In Season: The Frankie Valli and the 4 Seasons Anthology (2001)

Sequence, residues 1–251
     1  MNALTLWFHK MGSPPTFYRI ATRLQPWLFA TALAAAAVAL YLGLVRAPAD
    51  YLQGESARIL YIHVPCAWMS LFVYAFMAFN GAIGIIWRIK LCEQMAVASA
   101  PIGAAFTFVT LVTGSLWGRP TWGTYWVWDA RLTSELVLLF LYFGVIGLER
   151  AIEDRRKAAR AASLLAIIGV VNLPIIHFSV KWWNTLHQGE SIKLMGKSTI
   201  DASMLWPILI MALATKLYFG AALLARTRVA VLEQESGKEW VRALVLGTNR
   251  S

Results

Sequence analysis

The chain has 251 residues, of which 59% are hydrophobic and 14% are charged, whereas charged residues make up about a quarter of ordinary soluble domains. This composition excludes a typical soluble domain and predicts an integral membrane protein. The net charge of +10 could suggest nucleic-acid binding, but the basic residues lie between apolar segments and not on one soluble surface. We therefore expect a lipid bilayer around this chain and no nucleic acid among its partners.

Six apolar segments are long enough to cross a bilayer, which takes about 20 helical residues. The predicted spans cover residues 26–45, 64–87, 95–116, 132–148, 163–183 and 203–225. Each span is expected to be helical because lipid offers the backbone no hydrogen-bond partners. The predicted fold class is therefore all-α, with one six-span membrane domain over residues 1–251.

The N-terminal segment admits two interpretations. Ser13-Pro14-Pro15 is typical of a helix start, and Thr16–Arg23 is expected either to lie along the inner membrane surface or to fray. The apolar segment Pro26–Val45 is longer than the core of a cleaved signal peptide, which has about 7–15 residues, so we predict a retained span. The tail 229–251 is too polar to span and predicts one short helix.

For those who've lived under a rock for almost 50 years, this review will mean less than nothing. The rest of us have no doubt encountered -- on some ... Show synopsis For those who've lived under a rock for almost 50 years, this review will mean less than nothing. The rest of us have no doubt encountered -- on some television program, a commercial for a K-Tel oldies collection, or, in rarer cases, songs floating in the background on a film soundtrack -- Frankie Valli's shattering falsetto fronting his rock and doo wop band, the Four Seasons. As certainly as other artists of the period are known by their signatures -- the Beach Boys, the Beatles, the Miracles, the Shirelles, Dion and the Belmonts -- the Four Seasons are instantly recognized by Valli's lead vocal and flawless three- and four-part harmony, strung with lines of blue-collar American poetry. To the people of New Jersey and other parts of America, the Four Seasons were every bit as much a part of the early pop scene as the Beatles and the Beach Boys -- and preceded both of them with an original lineup that recorded chart singles as early as 1955 and made an appearance on Ed Sullivan in 1959! Rhino Records it seems is in agreement with this premise and has undertaken a crusade to convince critics and the general public that somehow a group that sold literally millions of records has not been given enough attention. To this end they've issued this two-disc anthology and a separate disc of B-sides and other underappreciated "golden nuggets" by the classic Four Seasons lineup of Valli, Bob Gaudio, Tommy DeVito, and Nick Massi. Evidenced by this anthology alone, there is no disputing that the Four Seasons were very special, a singular East Coast supergroup who managed to keep rock & roll exciting and surprisingly white bread at the same time. Parents dug 'em as well as teenagers, which is probably why "critics" at the time -- there wasn't any formal rock criticism yet -- hated them. They weren't dangerous enough. The music here contains all the hits: "Sherry," "Big Girls, Don't Cry," "Stay," "Walk Like a Man," "Dawn (Go Away)," "Candy Girl," "Let's Hang on to What We've Got," and so on. Disc one alone contains 23 essential Four Seasons sides from 1962 to 1966 -- all of which charted. That's a hell of a run. The story is a complex one: they had their own writers (Gaudio, Bob Crewe, Judy Parker, etc.); they were a trad rock combo with a killer producer in Crewe; and they later embraced material from outside their insular world from writers like Burt Bacharach ("Let's Hang On...") and Bob Dylan ("Don't Think Twice It's Alright"). But it doesn't stop there; after various members left the group, Valli -- at least as far as the labels and charts were concerned -- became a solo act though Bob Gaudio and Valli remained partners until the end, and the Four Seasons recorded under Valli's name variously, including the 1976 smash "December, 1963 (Oh What a Night)." The final five tracks of disc one and all of disc two -- 23 tracks -- follow Valli's career through until the issue of his final hit, "Grease," in 1978. The music and notation of where the singles were recorded, who for, date, and catalogue numbers would have sufficed. A history is also necessary, but Anthology producer Gary Stewart and his liner note scribe Pat Sierchio have insisted on beating us over the head with a Four Seasons apologia that at every turn claims to set the record straight by making endless aesthetic comparisons and making sure we know every single time the band charted as high as the Beatles, or recorded a riff or vocal worthy of Rolling Stone guitarist Keith Richards or Beach Boys mastermind Brian Wilson. After two pages it's boring, a chore to get through, and you find yourself thumbing to the back to find the label and chart position without reading any more of the pompous drivel that passes for liner notes. Valli's and the 4 Seasons' music stands on its own; it is classic and enduring in every sense of the word; it needs no apology and will be a necessary part of American popular music history forever. So, for the truly wonderful, innovative music on this...
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